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April 5, 2014

Movie Review: Cocaine Cowboys: Reloaded (Blu-ray, 2006)

Drug addiction and the incredibly lucrative drug trade have been a huge part of some serious societal issues in the states over the past few decades. Importing and selling cocaine during the late 1970's and 80's in Florida is the hot topic of the Billy Corben’s thoroughly engaging documentary Cocaine Cowboys (2006). Magnet and Magnolia entertainment has been no stranger to provocative films and hard-hitting documentaries so recently they have put out a longer cut of the film you may have first caught on cable in a longer edit and titled it Cocaine Cowboys: Reloaded on Blu-ray.

The film contains interviews with dealers, lawmen and even one of the most vicious hitmen (now serving time on death-row) to ever be involved in crimes in the Florida and Miami / Dade County area. We start from the ever brutal beginnings in 1978-79 when many Cuban immigrants came to Florida thanks to a maybe too friendly gesture by then president, Jimmy Carter. When the cocaine trade was at its peak in the 1980's, the demand for illegal narcotics caused blood to flow frequently in the streets.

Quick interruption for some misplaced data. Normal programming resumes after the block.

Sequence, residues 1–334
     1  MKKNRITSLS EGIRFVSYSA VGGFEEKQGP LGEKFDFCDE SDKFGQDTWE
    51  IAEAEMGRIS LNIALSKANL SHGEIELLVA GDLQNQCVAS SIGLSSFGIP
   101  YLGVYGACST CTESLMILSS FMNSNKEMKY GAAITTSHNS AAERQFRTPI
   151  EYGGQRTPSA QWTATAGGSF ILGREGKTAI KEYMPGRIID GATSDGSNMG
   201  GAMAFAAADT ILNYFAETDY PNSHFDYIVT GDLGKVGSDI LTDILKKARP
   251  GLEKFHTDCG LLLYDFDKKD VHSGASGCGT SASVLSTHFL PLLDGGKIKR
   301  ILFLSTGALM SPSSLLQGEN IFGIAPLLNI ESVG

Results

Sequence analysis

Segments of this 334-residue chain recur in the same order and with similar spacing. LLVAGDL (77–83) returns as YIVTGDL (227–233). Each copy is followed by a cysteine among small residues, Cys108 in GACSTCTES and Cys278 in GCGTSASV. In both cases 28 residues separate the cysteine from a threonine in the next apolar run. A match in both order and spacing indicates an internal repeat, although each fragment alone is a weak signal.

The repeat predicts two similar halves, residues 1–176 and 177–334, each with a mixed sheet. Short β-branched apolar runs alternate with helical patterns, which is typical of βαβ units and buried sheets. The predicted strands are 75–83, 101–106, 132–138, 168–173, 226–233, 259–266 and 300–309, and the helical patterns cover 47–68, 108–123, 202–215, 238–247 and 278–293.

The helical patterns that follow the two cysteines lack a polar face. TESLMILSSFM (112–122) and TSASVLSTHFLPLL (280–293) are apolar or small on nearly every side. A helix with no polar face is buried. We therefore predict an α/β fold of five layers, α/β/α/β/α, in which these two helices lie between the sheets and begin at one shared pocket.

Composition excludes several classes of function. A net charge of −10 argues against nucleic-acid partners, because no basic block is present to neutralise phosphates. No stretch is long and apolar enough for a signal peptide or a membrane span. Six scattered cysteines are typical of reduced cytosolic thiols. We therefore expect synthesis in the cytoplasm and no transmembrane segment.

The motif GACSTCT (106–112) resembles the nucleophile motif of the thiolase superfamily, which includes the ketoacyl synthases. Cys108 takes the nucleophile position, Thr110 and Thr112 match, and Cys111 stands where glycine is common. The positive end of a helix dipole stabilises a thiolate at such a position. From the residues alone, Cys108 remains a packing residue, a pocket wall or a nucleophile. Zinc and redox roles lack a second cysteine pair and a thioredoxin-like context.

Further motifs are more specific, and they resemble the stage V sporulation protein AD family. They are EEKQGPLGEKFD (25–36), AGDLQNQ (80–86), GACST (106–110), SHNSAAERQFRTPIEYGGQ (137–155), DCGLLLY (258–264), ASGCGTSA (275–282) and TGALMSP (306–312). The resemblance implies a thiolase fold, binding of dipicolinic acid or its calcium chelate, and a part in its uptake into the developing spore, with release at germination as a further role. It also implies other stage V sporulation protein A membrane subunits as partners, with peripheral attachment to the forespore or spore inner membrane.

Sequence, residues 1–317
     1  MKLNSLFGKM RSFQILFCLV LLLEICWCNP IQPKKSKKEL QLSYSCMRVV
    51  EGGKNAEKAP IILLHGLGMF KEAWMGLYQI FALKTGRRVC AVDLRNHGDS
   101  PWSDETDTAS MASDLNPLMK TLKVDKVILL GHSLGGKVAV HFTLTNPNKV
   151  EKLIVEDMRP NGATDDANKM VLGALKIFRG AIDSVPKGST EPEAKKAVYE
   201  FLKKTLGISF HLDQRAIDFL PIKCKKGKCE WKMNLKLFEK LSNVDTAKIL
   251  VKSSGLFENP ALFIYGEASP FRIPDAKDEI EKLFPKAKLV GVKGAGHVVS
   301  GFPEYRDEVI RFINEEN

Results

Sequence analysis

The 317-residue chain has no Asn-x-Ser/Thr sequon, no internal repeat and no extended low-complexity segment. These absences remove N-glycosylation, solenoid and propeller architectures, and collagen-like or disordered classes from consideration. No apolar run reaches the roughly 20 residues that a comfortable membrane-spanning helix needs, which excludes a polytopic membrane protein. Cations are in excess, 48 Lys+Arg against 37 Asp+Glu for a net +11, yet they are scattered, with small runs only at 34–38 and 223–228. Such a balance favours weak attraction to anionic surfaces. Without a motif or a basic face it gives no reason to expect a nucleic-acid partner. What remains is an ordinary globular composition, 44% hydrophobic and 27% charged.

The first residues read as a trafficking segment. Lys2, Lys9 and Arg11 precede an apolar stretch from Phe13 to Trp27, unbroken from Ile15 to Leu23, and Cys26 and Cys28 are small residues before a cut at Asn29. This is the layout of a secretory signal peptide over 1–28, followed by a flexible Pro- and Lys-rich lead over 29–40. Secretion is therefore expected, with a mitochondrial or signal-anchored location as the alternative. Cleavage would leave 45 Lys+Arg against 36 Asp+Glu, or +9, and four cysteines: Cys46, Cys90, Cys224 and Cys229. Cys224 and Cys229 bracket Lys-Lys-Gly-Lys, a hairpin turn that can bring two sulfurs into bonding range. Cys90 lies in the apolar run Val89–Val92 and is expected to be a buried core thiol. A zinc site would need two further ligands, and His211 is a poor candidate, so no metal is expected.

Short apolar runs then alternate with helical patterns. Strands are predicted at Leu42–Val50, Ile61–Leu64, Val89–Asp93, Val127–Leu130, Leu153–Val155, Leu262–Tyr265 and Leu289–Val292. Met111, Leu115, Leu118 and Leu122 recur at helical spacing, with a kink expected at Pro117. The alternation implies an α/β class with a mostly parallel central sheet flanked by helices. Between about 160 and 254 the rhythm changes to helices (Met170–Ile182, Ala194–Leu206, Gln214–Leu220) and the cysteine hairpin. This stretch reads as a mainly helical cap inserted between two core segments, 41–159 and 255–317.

Quite possibly the most prolific and notorious drug kingpins was a woman, a Colombian by the name of Griselda Blanco. Blanco ordered the deaths of many people over the years sometimes most minute things. She didn’t have any prejudice as to who she was having killed. Men, women, children, babies, she did not care. It was all about the money and respect with her and this is why she became the most feared figure in the drug-trade.

The progression of the cocaine trade and the eventual downfall by the dealers came with time when these once untouchable criminals start falling like bloody dominoes from killing each other, ratting each other out or falling into traps made by clever feds. It's a fascinating watch to see how this drug basically built the city and sculpted the skyscrapers of the city of Miami.

The extras are sparse but they’re still interesting to catch. We get some deleted scenes that include some stories told by the main participants that may have been out of place or just cut for pacing. The quality appears considerably sharper than what I remember seeing when the original shorter Cocaine Cowboys cut was broadcasted on payed cable. Overall it looks and sounds very good.

Cocaine Cowboys: Reloaded is one hell of a documentary that most surely will please anyone interested in quality true-crime documentaries. Recommended.

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